June 26, 2004
Rock bottomNext WWE pay-per-view could hit all-time ratings low
By TJ Madigan
Vince McMahon has a pretty bad track record when it comes to resurrecting gimmicks from WCW. From the botched invasion angle to the Goldberg fiasco, no matter how well an idea worked in a different environment, McMahon has always used the WWE cookie-cutter to mess up imported storylines.
If it ain't broke, Vinnie Mac will try to fix it anyway.
This weekend, that tradition continues with The Great American Bash.
The patriotic-themed event, a WCW mainstay from 1985 until the group's demise in 2001, will make its WWE debut tomorrow night at the Scope Arena in Norfolk, Va.
In the marquee clash, Eddie Guerrero and John (Bradshaw) Layfield go at it one more (hopefully last) time in a bullrope match.
Layfield has improved on the mic and WWE has pulled out all the stops to give the feud some intensity -- Guerrero nearly killed himself with a sick blade job in their last encounter -- but it's just not enough.
Guerrero vs. Layfield would be a tough sell at the best of times. And the Smackdown brand is hovering somewhere around the quality level of a WCW Thunder episode -- if you were watching during WCW's dying days, you'll understand the comparison. If you weren't, consider yourself lucky -- Guerrero and Layfield could be ultimately responsible for the least-watched pay-per-view in WWE history.
As hard as it is to believe, the card actually goes downhill from there.
The Undertaker will take on the Dudley Boys in a laughable handicap match, which is expected to end with the Dudleys killing the Paul Bearer character by burying him in cement. Undertaker will then return the favour by killing the Dudleys careers.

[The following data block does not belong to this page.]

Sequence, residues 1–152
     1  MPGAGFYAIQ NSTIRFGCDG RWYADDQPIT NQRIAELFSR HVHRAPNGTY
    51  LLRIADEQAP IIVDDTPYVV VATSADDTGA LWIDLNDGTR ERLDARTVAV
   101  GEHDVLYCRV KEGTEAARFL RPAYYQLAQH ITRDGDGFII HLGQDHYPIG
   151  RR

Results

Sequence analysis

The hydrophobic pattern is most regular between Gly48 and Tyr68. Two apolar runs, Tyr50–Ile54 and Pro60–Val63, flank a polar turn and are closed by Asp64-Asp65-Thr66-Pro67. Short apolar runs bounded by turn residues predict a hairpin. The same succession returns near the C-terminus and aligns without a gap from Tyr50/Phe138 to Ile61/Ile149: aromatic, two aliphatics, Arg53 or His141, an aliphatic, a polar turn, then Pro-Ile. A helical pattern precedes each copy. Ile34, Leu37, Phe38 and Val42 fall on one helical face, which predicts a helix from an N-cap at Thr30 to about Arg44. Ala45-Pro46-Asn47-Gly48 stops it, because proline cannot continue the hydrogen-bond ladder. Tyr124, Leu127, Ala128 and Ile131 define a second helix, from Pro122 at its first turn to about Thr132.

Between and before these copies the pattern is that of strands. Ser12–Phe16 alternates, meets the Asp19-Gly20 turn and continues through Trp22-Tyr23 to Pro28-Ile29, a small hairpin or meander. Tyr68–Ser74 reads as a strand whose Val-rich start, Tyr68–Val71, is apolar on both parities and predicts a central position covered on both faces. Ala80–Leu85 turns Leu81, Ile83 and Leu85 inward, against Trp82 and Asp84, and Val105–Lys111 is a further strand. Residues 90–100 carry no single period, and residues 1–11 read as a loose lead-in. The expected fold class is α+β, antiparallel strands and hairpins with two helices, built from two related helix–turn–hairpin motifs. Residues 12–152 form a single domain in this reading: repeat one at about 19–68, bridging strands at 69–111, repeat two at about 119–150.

The uninspired undercard will also feature John Cena defending the U.S. strap in a four-way against Booker T, Rene Dupree and Rob Van Dam, while Chavo Guerrero takes on Rey Mysterio for the cruiserweight belt.
Of course, as with any pay-per-view that seems destined for the bargain bin, WWE is throwing in a hefty dose of cleavage to entice fence-sitters to plunk down cash.
Dawn Marie, Torrie Wilson, Miss Jackie and Sable, who will be hosting the show, are expected to duke it out in sand wrestling, chicken fighting and beach volleyball face-offs -- a triple-threat disaster just waiting to happen.
Not only is Sable going to be limited due to her recent surgery to repair a leaky breast implant but four non-professionals trying to work a presumably fixed volleyball game does not good TV make.
The Great American Bash goes down at 6 p.m. tomorrow night on PPV. Calgary fans can also catch the action at Bottoms Up Sports Pub on 17th Ave. SW and at the Cineplex Odeon Sunridge Spectrum. Due to an exclusivity agreement with Cineplex, the PPV won't be shown at Famous Players theatres.
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EURO ROAD TRIP: WWE CEO Linda McMahon announced plans for the 2004-05 season at a conference call with investors Tuesday morning.
Starting this fall, Raw and Smackdown TV shows will be moved overseas for four episodes, taking advantage of the red-hot wrestling markets (and crowds) in Australia, western Europe and Japan. The first foreign tapings will take place in Manchester, England, in October.
Tough Enough is set to launch a long-awaited fourth season in September but this time, the reality-TV antics will appear as segments on Smackdown each week. The grand finale, when the winners are awarded WWE contracts, will air as a TV special.
Capitalizing on the media craze surrounding the U.S. Presidential Election, WWE will hold a storyline election of their own to determine a new on-screen president to fill the chairman role previously occupied by Vince McMahon.
WWE and Spike TV are both anxious to extend their current contract, which expires in September 2005.